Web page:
New domestic violence center flooded with calls

Updated 28 March 2016

New domestic violence center flooded with calls

JEDDAH: The undersecretary for social welfare, Abdullah Almeiqil, revealed that the Center for Domestic Violence received 1,890 calls during the first three days of its establishment.

Almeiqil said that about 49 percent of the cases reported to the center were new. "In total, the center received 916 new cases during the three days," he added.
He said that the center received 233 calls of inquiry asking about previous reports, accounting for 12 percent of the total. Meanwhile, consultation calls during this period amounted to 374, accounting for 20 percent of the total incoming reports. In addition, the center received 367 inquiries about the services that it offers, totaling about 19 percent of the calls received.
The Center for Domestic Violence was launched last Sunday by Social Affairs Minister Majed Al-Qassabi and will take calls related to domestic violence and abuse around the clock, all days of the week. The center's operations target women from all age groups, as well as children under 18 years of age, in addition to elders and people with special needs.
The center classifies calls according to their seriousness, with calls involving a high degree of danger and risk to the abused referred immediately to police. The center involves more than 22 teams for social protection operating across the various regions and provinces of the Kingdom.
The Ministry of Social Affairs also has partnerships in this program with several government bodies, including the Ministry of Interior represented by the governorates and police stations, the Ministry of Education, the Ministry of Health, the Ministry of Justice, the Bureau of Investigation and Public Prosecution, the Human Rights Commission, the Family Safety Protection Program of the National Guard, the National Society for Human Rights in addition to other partners representing the regulations on childhood such as the Ministry of Labor, the General Presidency for the Youth Welfare, the Ministry of Commerce, the National Committee for Childhood and the Ministry of Municipal and Rural Affairs.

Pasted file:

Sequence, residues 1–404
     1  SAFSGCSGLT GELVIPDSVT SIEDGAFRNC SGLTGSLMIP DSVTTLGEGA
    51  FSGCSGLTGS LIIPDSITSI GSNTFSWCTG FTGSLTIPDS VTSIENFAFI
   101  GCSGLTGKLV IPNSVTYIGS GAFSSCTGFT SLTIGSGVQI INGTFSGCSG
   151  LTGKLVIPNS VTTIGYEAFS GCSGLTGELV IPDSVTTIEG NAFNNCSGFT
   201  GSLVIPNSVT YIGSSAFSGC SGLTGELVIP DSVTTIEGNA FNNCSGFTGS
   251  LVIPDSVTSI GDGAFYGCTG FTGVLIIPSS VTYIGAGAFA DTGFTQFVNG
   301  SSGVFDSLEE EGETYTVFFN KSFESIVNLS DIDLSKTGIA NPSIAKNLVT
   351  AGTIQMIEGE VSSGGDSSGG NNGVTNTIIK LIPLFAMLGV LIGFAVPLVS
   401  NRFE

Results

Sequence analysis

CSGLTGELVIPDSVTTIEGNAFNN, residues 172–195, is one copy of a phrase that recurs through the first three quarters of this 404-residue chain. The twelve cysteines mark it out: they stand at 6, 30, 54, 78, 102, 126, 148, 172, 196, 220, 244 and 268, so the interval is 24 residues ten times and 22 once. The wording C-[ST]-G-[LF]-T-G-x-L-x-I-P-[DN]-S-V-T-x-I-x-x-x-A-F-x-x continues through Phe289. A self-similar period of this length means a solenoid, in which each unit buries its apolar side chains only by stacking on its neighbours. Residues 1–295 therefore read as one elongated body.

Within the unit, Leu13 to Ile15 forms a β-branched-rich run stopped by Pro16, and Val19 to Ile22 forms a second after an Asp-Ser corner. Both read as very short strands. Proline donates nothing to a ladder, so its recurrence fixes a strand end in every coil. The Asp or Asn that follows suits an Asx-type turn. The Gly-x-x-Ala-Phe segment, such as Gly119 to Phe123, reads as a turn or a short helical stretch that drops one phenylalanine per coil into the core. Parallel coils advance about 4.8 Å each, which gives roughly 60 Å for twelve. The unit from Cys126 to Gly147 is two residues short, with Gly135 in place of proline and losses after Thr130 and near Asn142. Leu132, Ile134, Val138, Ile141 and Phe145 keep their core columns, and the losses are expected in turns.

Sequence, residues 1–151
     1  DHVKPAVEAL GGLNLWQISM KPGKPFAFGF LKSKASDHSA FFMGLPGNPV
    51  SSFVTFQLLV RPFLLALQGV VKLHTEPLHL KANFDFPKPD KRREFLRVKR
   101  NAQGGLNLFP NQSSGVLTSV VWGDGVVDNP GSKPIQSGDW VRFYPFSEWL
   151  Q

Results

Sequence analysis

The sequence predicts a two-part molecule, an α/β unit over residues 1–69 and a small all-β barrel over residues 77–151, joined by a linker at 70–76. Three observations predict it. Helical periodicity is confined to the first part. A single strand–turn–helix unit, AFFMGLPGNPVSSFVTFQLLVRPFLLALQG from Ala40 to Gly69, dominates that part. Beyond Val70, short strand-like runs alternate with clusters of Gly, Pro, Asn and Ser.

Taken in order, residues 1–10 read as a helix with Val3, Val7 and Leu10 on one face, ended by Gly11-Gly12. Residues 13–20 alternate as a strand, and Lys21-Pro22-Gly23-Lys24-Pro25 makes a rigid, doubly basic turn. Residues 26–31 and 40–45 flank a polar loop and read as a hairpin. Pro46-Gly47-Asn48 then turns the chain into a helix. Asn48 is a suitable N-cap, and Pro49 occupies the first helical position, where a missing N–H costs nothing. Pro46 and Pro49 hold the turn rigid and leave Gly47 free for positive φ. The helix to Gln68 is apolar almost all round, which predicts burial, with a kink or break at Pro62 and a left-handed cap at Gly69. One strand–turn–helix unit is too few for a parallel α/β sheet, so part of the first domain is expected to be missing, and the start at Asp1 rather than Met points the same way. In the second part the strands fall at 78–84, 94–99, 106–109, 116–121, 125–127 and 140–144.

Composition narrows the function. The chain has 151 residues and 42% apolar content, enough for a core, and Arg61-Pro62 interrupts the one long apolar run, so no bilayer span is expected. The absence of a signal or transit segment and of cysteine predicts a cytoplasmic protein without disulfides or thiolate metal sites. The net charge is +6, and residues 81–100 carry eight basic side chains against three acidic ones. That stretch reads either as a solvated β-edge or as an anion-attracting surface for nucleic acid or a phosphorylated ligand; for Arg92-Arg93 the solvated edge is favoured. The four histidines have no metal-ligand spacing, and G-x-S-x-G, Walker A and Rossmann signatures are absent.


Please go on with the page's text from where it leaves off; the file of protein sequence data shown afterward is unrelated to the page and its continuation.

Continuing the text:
The Ministry of Social Affairs is currently working on a set of regulations and preventive procedures to limit the cases of domestic violence as much as possible, including the executive list for the protection against abuse and child protection.

Gasem Al-Maimani, deputy governor at the Saudi General Authority for Military Industries

Updated 21 sec ago

Gasem Al-Maimani, deputy governor at the Saudi General Authority for Military Industries

Gasem Al-Maimani has been the deputy governor for industry development at the General Authority for Military Industries (GAMI) since July 2019.

Al-Maimani gained a bachelor’s degree with honors in mechanical engineering from Dhahran’s King Fahd University of Petroleum and Minerals, in 1989.

After his graduation, he joined Yanbu Petrochemical Co. where he worked for four years as a project manager. In April 1993, he was promoted to a packaging superintendent and continued in the role until January 2000, when he was appointed as acting manager of the company’s polymers reaction unit.

Four years later, he moved to Riyadh to join Saudi diversified manufacturing company SABIC as general manager of its polymers strategic business unit. Al-Maimani, who has held various top managerial positions, remained in his post for nearly eight years before becoming vice president for the Saudi National Industrial Cluster Development Program, a government-initiated scheme aimed at developing and supporting new industries.

In February 2012, Al-Maimani was selected as the Kingdom’s deputy minister of commerce and investment. After 16 months, he moved to the Qatrana Cement Co. and was its chairman for nearly five years.

In 2018, he became CEO of Taiba Investments, and was then appointed as GAMI’s deputy governor.

Recently, GAMI confirmed that the Kingdom would increase its support for scientific research from its military budget to 4 percent over the next 10 years. Al-Maimani said that there were currently 30 military factories in Saudi Arabia, but he predicted that the number would increase over the next decade with 50 percent of the country’s military industries becoming nationalized.